Find a Space

Perhaps the art studio is empty after 3pm, or there is a huge closet at school that is currently going un-utilized. Be creative with your space—it doesn’t need to be big, and it certainly doesn’t need to be permanent! Talk to teachers, staff, and other students. Your school or spaces surrounding your school might be vaster than you think.

Find a Faculty Mentor

Having someone on staff at your school who is invested in helping you get this idea off the ground is always an essential and wonderful ingredient. Typically, in order to create a new club or space at school, you’ll need the sign-off from a faculty member who has agreed to oversee the club’s weekly or bi-weekly workings. Schedule meetings with your teachers who you think might be interested in helping you with this project. They can use the space to complete some of their own projects as well!

Spread the Word

Find other students who might be interested in creating or executing a project. It can start with just one or two of you. If you want to see a makerspace in action, take a look at the impressive Longhorn Maker Studios,—a makerspace at University of Texas-Austin—this makerspace at Duke, or The Won’dry at Vanderbilt to get an idea of what a truly decked out makerspace can look like. Students have access to myriad types of technology, including 3D printers, 3D scanners, laser and plasma cutters, and more. UT Austin students use this makerspace to experiment and create prototypes for classes.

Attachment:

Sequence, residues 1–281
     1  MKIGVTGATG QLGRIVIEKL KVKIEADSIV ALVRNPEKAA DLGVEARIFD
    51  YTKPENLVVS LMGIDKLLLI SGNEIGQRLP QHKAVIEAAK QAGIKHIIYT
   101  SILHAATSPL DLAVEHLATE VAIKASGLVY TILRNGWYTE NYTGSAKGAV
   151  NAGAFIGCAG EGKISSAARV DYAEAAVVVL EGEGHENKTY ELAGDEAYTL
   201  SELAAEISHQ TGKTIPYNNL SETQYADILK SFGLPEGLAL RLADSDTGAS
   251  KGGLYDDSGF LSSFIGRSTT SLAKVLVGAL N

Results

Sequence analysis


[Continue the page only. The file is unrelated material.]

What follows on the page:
How do Colleges View Makerspaces?

This is a great question—how do you convey information about your makerspace on your application and how might colleges view this endeavor? Think of a makerspace as a club that you started. You will include your mission, utilize the additional information section to post links to projects (perhaps creating a website about your makerspace is a good project for a student interested in coding!), and you might even get an essay out of the experience. Colleges always want to know about how you spend your time, particularly if it involves getting something off the ground. It shows motivation, initiative, vision, organization, and commitment. Makerspaces can be particularly valuable for quiet leaders who might not have the desire to take over an existing club or take on a visible position at school.

Remember that you don’t have to have one particular project in mind to create a makerspace, but it can help guide you in terms of start-up materials, and a general vision to get you going. From one project often springs other ideas, and allowing for that expansion of vision and creativity is exactly the makerspace spirit.

Let us know if you need any feedback or guidance on your makerspace ideas. It can seem daunting but in reality, the simpler the better. Start with one space and one idea—you’ll be surprised just how many others are interested in executing on their ideas too, but who just did not previously have the physical or mental space to express and explore the questions that they had.